Friday, December 12, 2008

How’s Your Heart?

The other day I was reading the Church News and came across a recap of a message Elder M. Russell Ballard had given at the U of U for Institute students. His companion speaker was Elder John Huntsman Sr. and the message he gave is what struck me the most (not dissing on E. Ballard because his talk was excellent). Elder Huntsman spoke of an experience he had with Pres. Howard W. Hunter, while Pres. Hunter was serving as the Prophet. Here is the part that I was interested in sharing:

He said he had learned much from great leaders he has known, including President Howard W. Hunter.

He recounted that on one occasion, as he was driving by President Hunter's home, he felt a prompting to stop and see how he was feeling. The Church president asked him for a blessing.

"He [President Hunter] said, 'Today, President Huntsman, I had an ill thought toward another individual. It has made me physically sick. I need a priesthood blessing, because I cannot continue to function if I have any ill thoughts toward any man or woman on earth.'"

Elder Huntsman said the incident made him think of the statement by the Savior, blessed are the pure in heart, "for I was in the presence of someone who was pure in heart." (Church News, Nov. 22, 2008)

What is the real power of our actions on our physical health? Here is a man who, because of the decisions he made while in mortality, had reached the point where any negative/ill thought toward another of God's children caused physical sickness in his body. Could it be that there is more connection between our spiritual and our physical persona than we have realized. Those of us who suffer from frequent disorders in our bodies might want to check out our relationships with those we love and serve. I won't go so far as to say that every sin we commit might be a source of sickness or weakness, but it seems logical that we could increase our physical health if we were more thoughtful of our spiritual existence.

There is also that phrase, "pure in heart", that rises up before us, calling for examination of our commitment to Christ and His Kingdom. Can we really say that we have purged our souls of all unrighteousness and are seeking to become like King Benjamin's subjects:

And they all cried with one voice, saying: Yea, we believe all the words which thou hast spoken unto us; and also, we know of their surety and truth, because of the Spirit of the Lord Omnipotent, which has wrought a mighty change in us, or in our hearts, that we have no more disposition to do evil, but to do good continually. (Mosiah 5:2)

This is not a lecture for others, but more of a self-examination of my own motives when I deal with others. There are certain words in my vocabulary that might (or most assuredly would) be considered derogatory in nature when spoken aloud. I have a tendency to use phrases like "knucklehead", "goof-ball", and even "loser" when I describe people I know. Mostly, it comes in anonymous stories and such but it is still something that sets a tone others hear and may assume would include them in different instances. There are also times when decisions made by others seem to be incorrect so, while I may not say anything vocally, I am prone to have "an ill thought toward another individual." Sadly, many of these thoughts are toward people I love the very most and probably manifest themselves in my associations with them.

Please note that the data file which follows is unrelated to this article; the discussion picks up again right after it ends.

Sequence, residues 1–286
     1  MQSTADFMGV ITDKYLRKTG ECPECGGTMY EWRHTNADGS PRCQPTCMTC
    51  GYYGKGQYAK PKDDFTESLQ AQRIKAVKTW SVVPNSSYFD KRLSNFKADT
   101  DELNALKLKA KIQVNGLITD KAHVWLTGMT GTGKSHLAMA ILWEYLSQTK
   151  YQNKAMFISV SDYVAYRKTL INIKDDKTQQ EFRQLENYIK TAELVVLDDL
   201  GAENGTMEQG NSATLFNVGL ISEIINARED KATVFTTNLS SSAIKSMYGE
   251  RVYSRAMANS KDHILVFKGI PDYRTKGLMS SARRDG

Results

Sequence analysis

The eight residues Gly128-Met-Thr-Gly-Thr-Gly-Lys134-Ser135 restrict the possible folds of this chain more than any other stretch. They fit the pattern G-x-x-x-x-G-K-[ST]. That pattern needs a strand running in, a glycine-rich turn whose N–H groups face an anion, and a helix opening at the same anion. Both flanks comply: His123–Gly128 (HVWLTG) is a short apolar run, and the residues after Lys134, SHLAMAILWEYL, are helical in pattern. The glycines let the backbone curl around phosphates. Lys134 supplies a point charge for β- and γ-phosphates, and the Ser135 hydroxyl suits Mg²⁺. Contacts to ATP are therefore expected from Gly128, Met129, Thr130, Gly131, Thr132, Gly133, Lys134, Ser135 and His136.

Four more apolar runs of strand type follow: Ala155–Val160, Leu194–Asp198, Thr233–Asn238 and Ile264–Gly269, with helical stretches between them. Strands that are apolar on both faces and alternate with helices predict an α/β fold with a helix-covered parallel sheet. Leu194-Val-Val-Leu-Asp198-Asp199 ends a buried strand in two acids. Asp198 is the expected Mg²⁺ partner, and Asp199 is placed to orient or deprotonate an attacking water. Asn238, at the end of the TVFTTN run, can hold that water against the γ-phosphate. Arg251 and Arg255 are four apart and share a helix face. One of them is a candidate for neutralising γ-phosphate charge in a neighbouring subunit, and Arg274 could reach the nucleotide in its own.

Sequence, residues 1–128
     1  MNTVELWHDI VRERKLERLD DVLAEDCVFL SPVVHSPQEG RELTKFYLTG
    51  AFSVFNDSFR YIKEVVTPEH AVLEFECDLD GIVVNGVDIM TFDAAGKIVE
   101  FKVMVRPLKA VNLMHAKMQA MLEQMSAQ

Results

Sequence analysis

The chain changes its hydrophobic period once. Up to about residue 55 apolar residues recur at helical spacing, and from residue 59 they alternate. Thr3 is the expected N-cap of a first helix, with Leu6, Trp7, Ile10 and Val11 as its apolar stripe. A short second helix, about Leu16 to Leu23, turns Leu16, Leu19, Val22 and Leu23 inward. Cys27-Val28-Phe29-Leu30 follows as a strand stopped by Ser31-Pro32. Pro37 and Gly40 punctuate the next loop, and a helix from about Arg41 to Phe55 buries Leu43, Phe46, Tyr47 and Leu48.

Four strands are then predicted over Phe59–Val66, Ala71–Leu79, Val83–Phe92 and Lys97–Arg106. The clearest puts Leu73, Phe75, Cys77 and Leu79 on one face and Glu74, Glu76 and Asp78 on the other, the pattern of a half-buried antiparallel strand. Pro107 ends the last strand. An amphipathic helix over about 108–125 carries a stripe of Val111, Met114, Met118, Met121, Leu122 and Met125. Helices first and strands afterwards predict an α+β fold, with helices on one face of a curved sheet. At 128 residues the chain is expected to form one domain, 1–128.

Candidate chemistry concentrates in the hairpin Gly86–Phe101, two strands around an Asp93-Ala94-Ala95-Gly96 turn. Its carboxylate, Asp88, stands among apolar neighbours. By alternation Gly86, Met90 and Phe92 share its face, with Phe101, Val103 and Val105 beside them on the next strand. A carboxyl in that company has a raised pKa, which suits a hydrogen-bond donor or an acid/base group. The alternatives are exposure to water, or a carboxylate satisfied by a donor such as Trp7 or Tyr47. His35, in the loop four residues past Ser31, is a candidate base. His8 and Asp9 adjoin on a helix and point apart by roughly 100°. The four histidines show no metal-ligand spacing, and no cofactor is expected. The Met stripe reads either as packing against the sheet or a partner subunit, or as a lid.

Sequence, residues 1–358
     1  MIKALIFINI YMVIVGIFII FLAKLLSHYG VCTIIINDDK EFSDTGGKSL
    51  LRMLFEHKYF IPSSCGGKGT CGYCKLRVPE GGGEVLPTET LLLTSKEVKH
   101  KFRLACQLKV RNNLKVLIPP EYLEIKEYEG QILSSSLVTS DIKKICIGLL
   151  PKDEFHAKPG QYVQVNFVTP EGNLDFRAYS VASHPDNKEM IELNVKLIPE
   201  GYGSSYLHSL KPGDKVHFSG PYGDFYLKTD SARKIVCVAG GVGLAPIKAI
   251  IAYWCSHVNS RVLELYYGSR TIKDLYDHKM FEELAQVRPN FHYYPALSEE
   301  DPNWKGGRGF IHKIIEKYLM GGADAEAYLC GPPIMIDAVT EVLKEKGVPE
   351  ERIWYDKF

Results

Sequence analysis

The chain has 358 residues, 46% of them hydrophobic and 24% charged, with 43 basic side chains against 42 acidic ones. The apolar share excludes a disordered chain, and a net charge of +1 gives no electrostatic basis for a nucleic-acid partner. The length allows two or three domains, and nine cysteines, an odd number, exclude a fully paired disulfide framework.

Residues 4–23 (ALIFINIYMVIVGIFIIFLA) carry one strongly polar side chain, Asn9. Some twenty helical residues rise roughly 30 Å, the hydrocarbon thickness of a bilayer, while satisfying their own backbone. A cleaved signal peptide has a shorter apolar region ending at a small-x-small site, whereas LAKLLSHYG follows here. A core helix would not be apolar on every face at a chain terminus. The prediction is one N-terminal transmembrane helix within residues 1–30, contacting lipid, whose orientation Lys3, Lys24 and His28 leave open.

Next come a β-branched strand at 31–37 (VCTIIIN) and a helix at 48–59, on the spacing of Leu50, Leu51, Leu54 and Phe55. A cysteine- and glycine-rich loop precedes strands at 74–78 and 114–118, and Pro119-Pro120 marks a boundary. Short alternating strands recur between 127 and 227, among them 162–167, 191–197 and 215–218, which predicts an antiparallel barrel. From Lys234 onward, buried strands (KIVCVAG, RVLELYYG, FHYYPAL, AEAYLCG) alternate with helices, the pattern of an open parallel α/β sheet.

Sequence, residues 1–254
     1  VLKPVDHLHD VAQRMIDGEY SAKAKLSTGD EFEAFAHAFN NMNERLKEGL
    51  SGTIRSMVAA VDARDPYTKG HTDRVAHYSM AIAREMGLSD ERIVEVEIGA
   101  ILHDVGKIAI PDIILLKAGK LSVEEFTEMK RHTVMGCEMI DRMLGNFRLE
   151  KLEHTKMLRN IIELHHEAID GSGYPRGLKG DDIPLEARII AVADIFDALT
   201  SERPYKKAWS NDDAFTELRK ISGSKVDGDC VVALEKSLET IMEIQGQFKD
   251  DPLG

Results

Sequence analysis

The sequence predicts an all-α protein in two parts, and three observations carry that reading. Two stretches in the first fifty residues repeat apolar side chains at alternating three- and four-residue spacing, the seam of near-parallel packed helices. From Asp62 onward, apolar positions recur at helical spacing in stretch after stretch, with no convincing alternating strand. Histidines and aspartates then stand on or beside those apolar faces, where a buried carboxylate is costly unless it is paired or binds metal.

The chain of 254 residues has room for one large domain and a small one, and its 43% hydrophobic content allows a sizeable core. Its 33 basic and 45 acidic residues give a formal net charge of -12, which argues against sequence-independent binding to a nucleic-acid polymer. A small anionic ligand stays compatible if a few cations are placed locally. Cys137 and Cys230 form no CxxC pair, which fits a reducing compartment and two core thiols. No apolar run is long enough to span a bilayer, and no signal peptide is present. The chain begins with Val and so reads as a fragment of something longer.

Could this ability to have a pure heart explain why the Prophets have a tendency to live such long lives? Not being weighed down by the stress of judgment on others, they can focus on the lifting and blessing of Heavenly Father's children. The love that is present when we refrain from criticism and degrading comments must have some beneficial results in our lives. I wonder if this is the "Balm of Gilead" spoken of so much in the scriptures.

My desire is to learn to withhold remarks or thoughts that might put me in the arena of experiences causing harm to my spiritual and physical self. It is a lofty goal, but obviously (at least based on E. Huntsman's story) not out of the realm of possibility. There is a lot of reconstruction to be done and many old habits to weed out of my life, but it is something I would like to tackle as I move closer to the end of my mortal existence. Pay attention and let me know if you think I am doing better.

1 comment:

demoux family said...

I always love your insights Dad, I need to be better at this. I read an article once about a lady who had a sign in her kitchen that said "Your name is safe in our house" and I want to be like that. I have a long way to go, but am grateful for the chance to learn from your example.